This is your brain on lust

Joey is reading Catherine the Great by Robert K. Massie.
Listen to Joey on www.1talknetwork.com at 10 a.m. and 8 p.m.

Psst! Want a hit of reality? Valentine’s Day has nothing to do with love. It’s our annual celebration of romance, the experience of idealizing another person to feed an intense sensual desire for him or her. Whether sweet or lusty, romance is a siren call that lures us into infatuation. We think of it as chemistry: our attraction to someone that signals the possibility of something more. Actually, it’s just our brain, saturated with amphetaminelike neurotransmitters, on a high that lasts between three and nine months. That’s right, we’re drugged. And tripping on the chemistry of attraction is why it is so easy to hook up with someone who is completely wrong.

When the brain’s attraction drug wears off (after three, six or nine months) our eyes are opened (infatuation is blind) to the reality of incompatibility. So why do we continue to pretend romance is love? We like illusion. We prefer denial. It’s easier to act foolish with our hearts or be the victim of our libido. Self-love begins when we admit and enjoy being enchanted by someone while remaining fully aware that we do not really know that person yet.

Romance is also about getting things right: arranging the right words in the right sequence for seduction, creating the right atmosphere and employing the right touch to stir a partner’s desire. Advertisements work overtime to establish the rhythm of expectation necessary to send men and women to flower shops, chocolatiers and jewelry stores. But what happens when the expectations nurtured by our culture and the advertising industry are not met? Conflict.

Expectations are the vision that each one of us has about how things should be. While it is normal to have expectations, it is also vital to understand that expectations teach us about ourselves, not about our partners. The better we know ourselves, the more awake we are to our expectations.

Marline Pearson, a university professor, has written about how expectations arise from our past experiences and childhood, as well as our previous relationships and the larger culture and media. She notes three kinds of expectations:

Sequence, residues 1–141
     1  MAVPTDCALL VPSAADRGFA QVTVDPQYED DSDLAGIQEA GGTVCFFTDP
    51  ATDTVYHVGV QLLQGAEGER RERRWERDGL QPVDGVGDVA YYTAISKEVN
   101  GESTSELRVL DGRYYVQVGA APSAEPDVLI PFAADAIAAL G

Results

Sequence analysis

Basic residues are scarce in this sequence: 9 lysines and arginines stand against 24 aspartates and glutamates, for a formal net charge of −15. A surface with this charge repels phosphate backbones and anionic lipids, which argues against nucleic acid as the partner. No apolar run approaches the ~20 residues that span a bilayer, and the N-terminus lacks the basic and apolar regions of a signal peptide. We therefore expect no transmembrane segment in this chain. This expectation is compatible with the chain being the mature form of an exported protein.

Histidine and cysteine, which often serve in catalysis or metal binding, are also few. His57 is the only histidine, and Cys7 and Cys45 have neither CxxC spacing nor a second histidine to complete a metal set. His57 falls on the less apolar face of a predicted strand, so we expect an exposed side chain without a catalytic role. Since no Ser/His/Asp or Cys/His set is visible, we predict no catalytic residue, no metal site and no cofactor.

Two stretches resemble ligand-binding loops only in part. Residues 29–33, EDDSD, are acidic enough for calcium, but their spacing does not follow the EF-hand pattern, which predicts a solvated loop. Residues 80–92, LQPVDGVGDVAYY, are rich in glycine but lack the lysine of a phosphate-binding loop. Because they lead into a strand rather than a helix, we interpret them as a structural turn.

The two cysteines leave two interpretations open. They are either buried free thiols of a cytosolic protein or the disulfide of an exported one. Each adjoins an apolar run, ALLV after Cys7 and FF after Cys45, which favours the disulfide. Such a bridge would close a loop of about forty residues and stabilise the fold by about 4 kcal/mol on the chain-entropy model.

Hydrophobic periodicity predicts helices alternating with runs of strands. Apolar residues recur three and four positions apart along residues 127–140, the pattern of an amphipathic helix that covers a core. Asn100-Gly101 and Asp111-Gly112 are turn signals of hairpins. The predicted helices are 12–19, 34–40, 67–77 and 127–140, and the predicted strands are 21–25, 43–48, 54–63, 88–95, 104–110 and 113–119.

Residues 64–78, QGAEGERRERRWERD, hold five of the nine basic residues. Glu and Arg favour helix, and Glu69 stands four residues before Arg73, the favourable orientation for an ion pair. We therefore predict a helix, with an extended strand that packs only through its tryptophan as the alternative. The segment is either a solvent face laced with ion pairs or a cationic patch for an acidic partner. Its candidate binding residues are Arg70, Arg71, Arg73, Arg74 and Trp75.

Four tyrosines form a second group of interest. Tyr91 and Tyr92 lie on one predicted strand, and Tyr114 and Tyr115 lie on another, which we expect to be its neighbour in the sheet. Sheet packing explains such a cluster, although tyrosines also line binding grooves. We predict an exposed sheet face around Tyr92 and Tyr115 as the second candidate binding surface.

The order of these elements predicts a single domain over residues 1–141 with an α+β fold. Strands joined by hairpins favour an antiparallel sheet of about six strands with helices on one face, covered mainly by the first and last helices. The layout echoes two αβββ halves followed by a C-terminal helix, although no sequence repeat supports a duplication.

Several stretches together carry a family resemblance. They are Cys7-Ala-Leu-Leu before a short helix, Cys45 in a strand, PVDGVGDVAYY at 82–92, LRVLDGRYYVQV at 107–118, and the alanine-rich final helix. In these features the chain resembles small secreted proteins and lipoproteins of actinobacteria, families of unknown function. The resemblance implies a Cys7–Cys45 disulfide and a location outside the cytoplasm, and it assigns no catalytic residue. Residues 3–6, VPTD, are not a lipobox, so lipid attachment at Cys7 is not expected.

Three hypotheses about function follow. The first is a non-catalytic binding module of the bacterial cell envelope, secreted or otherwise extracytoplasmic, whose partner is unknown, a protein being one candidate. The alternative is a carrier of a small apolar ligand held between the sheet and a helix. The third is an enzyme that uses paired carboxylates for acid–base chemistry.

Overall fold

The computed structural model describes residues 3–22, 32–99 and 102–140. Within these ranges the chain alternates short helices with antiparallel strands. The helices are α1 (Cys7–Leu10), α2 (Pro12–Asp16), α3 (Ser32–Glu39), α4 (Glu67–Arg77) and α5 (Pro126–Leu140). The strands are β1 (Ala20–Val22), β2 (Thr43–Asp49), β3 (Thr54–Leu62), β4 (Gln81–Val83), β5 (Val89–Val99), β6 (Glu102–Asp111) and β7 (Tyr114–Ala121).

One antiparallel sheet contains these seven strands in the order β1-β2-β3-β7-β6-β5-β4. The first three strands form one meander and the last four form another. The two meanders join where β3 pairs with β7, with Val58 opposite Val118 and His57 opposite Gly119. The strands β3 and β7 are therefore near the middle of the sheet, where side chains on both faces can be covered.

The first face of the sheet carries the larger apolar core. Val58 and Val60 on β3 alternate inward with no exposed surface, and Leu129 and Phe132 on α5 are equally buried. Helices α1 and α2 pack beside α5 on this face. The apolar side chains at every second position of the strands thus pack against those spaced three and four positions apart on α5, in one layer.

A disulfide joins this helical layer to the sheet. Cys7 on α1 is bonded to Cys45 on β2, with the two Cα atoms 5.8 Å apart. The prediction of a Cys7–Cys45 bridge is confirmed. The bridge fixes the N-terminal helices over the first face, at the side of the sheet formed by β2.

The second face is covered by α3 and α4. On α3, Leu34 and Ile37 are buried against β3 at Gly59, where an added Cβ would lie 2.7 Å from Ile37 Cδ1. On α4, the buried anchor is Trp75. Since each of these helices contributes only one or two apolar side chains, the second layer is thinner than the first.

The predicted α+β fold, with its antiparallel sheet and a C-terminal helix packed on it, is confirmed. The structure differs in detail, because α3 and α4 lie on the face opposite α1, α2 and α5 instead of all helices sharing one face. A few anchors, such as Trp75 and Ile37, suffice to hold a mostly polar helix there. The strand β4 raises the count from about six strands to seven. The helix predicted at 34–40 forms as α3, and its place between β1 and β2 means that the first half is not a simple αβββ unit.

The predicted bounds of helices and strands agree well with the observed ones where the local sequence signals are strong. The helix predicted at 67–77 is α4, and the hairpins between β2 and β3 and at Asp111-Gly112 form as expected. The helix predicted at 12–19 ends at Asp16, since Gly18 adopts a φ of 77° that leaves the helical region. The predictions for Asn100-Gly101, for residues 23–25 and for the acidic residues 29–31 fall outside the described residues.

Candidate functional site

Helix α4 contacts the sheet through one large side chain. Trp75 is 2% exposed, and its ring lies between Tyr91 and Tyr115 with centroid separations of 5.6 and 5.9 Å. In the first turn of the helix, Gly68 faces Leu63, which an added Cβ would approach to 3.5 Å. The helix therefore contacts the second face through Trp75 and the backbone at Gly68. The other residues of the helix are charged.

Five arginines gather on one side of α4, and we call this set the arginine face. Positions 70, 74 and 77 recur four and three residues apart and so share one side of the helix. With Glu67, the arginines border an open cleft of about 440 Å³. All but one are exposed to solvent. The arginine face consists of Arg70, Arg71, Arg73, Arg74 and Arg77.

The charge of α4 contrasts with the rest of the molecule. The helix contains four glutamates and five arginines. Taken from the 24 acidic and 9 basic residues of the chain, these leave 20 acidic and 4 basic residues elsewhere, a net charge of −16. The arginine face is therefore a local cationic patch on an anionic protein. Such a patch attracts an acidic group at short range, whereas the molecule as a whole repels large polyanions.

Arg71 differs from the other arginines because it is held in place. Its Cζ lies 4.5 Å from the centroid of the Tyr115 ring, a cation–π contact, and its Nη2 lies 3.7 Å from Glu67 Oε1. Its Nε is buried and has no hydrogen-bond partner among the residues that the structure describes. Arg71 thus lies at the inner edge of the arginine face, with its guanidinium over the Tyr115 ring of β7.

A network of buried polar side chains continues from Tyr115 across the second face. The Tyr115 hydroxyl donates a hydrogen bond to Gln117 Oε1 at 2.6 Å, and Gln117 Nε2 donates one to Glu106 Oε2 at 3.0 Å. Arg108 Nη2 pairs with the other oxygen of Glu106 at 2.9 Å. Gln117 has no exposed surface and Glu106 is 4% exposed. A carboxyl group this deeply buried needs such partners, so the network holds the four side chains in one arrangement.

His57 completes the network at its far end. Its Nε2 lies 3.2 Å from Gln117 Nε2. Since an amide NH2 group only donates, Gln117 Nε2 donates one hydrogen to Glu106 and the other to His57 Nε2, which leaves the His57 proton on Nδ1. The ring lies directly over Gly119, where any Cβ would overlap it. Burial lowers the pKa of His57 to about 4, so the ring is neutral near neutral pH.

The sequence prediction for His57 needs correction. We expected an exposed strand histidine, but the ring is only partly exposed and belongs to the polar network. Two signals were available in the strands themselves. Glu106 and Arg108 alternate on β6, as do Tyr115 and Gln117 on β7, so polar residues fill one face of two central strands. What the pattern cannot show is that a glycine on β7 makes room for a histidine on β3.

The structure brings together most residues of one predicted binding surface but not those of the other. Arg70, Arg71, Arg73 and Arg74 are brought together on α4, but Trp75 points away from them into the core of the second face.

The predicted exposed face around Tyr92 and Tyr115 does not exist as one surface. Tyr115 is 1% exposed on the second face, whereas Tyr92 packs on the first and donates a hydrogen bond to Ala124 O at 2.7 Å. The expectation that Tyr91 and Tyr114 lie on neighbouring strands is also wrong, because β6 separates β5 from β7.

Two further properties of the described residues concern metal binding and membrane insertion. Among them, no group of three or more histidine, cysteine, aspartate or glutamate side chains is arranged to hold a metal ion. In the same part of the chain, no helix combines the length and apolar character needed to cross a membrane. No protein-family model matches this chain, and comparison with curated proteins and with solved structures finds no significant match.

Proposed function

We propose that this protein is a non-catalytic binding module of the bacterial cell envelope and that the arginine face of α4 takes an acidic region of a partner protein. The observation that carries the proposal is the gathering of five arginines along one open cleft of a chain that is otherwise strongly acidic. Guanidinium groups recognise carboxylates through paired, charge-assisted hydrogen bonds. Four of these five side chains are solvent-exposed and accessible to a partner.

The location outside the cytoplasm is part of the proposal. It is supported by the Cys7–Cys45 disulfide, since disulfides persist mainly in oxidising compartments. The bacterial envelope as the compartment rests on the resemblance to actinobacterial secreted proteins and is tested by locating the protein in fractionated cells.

1. Unaware: These are the expectations that we are completely unconscious about, yet still drive our attitudes and behaviors in relationships. Investing time in learning about yourself reduces the possibility of clashing with your partner about expectations neither of you are aware of.

2. Unreasonable or too low: Some expectations are so high, no human can comfortably meet them. Or expectations are so low that it’s obvious a person cares little for herself or himself. Unreasonable or extremely low expectations are a red flag.

3. Unspoken: Don’t expect your partner to read your mind. Communicate your expectation and explain why it is important to you. Then, work with your partner to find a solution.

In a healthy, committed relationship, partners meet each other’s most important and reasonable expectations. But it’s unreasonable to expect romance just because the culture, media and advertisers claim romance equals love. If you yearn to be swept away by romance, create it for yourself. Dress up and take yourself out to dinner. Or spend time in solitude, exploring your beliefs and attitudes. That’s romantic and it’s self-love in action. Then, when you’re ready, carry real love into the world: Donate supplies to schools, here and overseas, that need support. Fund a scholarship for a child in a developing country. Commit to replacing two regular grocery purchases with fair-trade items. Love the world. When you do, the expectation of romance wanes, and you are liberated from the culture’s power over you.

Meditation of the Week

<p>“We only become what we are by the radical and deep-seated refusal [to be] that which others have made of us,” wrote philosopher Jean-Paul Sartre. Have you realized yet that “no” means “no”?</p>